Part of the process of doing a traditional Tibetan thanka painting is the preparation: motivation, blessing the tools, prayer, supplication, arising as the deity, it became like a 6 month meditation retreat. All consuming. Submerging myself in a painting tradition put the ego with all its desires, aversions and so forth at peace. That didn't mean questioning didn't take place. I was constantly from my "30 year practice of art" wondering why do they do it like this, why the outline, why that style of fingers or why that color, wondering if I couldn't just do it my way or alter it, or leave it out. To learn correctly I just forced myself to "try it" and see, and it never failed to work. The outline or color or juxtaposition brought the piece to life or "connected the dots" in some unimaginable way.

But to answer your question, I haven't done any "personal work" except small collages since I began the thankas, so I don't know where it will go in the future or if I will just do thankas. This place Santa Fe and the ancient tradition of art in the Native American culture inspires me, so we'll see.

So you didn't take lessons to be a Tibetan Thanka painter?

Not exactly. I spent hundreds, thousands of hours looking deeply at Tibetan art for the last 15 years; the Wisdom and Compassion show at the Asian Art Museum in San Francisco in 1991, the Kalachakra Temple and so forth in Dharamsala for 8 months in 1993-94, the Mongolian show at the Asian, Yvonne Rand/Bill Sterling's personal collection, a library full of Tibetan art books, etc. I really studied it with attention to style, color and detail, minute mindful detailed attention, like some part of me knew what was coming. Both my gurus Tara Tulku and Denma Locho Rinpoche gave me permission to do it as long as I used the iconic grid. I have a book by the Jacksons on how to paint Tibetan thankas that I study. So no formal training this lifetime with a Tibetan, but a masters degree in art from the western side of art education and personal study.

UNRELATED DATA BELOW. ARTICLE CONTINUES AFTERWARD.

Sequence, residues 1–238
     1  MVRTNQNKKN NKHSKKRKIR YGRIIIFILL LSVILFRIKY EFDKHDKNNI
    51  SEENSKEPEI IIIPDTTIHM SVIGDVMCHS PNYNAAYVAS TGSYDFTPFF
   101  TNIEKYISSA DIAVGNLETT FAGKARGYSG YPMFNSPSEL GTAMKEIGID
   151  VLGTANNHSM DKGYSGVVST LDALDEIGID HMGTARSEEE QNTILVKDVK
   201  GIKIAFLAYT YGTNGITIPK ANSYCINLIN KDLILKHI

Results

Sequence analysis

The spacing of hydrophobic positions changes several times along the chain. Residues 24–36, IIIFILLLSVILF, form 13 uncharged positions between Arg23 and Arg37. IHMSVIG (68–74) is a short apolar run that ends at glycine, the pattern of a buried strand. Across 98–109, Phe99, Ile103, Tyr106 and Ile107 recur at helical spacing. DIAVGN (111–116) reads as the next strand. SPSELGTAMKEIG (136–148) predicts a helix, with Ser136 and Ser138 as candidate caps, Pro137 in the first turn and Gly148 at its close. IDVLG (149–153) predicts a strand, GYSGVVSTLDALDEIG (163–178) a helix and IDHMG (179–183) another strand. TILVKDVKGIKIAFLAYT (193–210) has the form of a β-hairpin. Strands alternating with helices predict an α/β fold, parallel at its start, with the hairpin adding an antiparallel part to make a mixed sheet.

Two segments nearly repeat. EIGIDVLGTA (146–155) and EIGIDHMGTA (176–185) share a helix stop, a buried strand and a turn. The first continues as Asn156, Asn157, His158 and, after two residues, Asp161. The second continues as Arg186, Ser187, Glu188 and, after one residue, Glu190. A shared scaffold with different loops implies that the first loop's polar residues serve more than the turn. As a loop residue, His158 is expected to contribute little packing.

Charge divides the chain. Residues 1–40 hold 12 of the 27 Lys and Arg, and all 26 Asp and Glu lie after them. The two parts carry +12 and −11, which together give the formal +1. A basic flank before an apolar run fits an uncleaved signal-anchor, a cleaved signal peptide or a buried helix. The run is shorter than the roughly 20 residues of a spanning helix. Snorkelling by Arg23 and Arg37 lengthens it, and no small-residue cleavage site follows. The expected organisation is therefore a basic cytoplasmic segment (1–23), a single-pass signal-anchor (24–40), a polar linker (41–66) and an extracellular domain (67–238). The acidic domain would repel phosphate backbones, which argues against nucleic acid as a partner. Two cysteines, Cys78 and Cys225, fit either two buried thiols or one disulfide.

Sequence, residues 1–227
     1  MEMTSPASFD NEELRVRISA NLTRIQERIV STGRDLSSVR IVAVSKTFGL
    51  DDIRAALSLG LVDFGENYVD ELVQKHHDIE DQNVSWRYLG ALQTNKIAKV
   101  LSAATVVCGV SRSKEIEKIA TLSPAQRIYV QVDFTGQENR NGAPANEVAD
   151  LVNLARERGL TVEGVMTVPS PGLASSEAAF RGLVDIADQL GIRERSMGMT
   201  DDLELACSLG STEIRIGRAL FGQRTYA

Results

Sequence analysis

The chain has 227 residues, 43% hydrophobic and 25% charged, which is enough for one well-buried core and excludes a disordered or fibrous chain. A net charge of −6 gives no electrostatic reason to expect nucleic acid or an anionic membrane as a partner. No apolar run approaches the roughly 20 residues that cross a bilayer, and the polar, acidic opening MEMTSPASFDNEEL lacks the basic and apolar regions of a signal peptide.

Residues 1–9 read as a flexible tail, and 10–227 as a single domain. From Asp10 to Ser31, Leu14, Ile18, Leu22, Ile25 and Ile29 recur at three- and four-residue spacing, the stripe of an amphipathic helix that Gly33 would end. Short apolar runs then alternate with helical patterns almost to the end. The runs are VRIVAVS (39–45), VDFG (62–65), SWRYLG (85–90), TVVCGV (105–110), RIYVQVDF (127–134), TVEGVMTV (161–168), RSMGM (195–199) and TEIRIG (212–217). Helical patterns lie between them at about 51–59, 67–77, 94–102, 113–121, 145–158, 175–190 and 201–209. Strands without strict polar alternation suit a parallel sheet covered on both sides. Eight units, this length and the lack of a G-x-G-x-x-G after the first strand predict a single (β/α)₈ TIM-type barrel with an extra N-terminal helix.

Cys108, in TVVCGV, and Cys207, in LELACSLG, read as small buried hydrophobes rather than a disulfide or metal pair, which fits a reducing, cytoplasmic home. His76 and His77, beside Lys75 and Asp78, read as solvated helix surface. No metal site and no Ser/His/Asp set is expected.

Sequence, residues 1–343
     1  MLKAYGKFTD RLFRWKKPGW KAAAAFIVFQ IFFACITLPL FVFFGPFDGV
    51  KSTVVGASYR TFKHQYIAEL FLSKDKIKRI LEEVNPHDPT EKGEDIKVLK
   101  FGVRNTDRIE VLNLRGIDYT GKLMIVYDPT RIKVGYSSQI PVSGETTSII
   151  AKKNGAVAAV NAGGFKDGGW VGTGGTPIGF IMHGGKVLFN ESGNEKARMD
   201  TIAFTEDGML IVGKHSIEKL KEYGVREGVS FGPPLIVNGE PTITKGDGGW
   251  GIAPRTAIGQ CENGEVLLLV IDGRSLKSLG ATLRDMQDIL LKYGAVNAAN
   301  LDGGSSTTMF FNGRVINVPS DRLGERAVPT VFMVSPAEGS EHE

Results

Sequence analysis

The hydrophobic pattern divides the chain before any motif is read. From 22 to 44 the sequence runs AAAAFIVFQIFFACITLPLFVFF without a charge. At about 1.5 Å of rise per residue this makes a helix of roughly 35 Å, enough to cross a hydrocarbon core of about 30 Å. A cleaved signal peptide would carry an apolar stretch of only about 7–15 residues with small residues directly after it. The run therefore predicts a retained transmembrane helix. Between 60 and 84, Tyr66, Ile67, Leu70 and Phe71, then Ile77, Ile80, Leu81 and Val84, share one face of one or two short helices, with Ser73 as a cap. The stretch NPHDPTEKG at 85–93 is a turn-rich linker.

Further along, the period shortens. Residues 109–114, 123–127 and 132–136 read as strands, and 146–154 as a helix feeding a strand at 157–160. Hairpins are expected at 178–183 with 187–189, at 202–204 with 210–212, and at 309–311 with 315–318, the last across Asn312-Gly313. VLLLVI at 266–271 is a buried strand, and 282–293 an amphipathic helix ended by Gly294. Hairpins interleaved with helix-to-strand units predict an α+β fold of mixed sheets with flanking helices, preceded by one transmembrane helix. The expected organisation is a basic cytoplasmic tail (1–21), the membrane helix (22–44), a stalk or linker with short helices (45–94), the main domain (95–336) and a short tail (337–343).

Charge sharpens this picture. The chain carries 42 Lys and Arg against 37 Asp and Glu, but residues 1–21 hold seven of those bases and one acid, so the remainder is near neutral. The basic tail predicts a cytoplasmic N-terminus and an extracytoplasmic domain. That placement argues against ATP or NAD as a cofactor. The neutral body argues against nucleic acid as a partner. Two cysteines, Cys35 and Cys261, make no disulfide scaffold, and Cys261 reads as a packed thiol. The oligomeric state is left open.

Any cultural problems or issues?

Yes. I guess so. I've had mixed reactions from the Tibetan lay and monastic community, just as we have in regards to our tantric practice and their amazement at our access to masters such as Tara Tulku and Denma Locho Rinpoche. On the one hand they are kind and supportive, on another I could see their disbelief that I could do such paintings. Slowly I'm finding out more about the cultural mysteries ands attitudes about this.

An artist friend who is going to Dharamsala to train in thanka painting after 30 years as a western visionary female artist, was told that thanka painters in Tibet are men. The elderly monk/artist had only had 2 women students and they were Tibetan nuns. He made her come back 4 times before he said OK. I'd always assumed they'd make me or her start from scratch (like if you want to become an Episcopalian) but he just told her to find a thanka painting and copy it. So basically he took into consideration her 30 years of art practice, paintings unseen (but perhaps her past karma very "seen").

Tibetans seem a bit mystified and worried about Westerners involvement in tantric practice, etc., so probably this is just another perplexing issue and place of cultural bias. The teachers/gurus take into account their disciples past life connections to them, practice, etc., so its not such a mystery.

I personally have to find out about proper procedures in regards to commission, sales, payment, consecration, etc., not wanting to create bad future karma for myself.

Why the proportions?

Its believed that these images/proportions/icons came from the Buddha himself/herself in Buddhist lore. That these proportions, icons, etc., represent a perfection of body/speech/mind in terms of enlightenment, wisdom, compassion, skillful means, omniscience and release from suffering, and in meditation upon them, the blessings and imprints made upon one's mindstream propel one towards the attainment of Buddhahood. In turn, if these proportions are wrong, crooked, etc., there can be dire circumstances for the meditator or the artist.

The woman who has commissioned the Vajra Dakini said she likes my personal work so much that a Kay's impression of Vajra Dakini would be fine but I told her that truly I take the sacred proportion stuff very seriously and don't want her falling over on her khatvanga (Vajra Dakini's staff) in the moment before enlightenment because her foot's too small!, which is funny but I'm convinced true. I've seen how just drawing or painting the images affects my winds, so why not upon seeing or meditation on the image?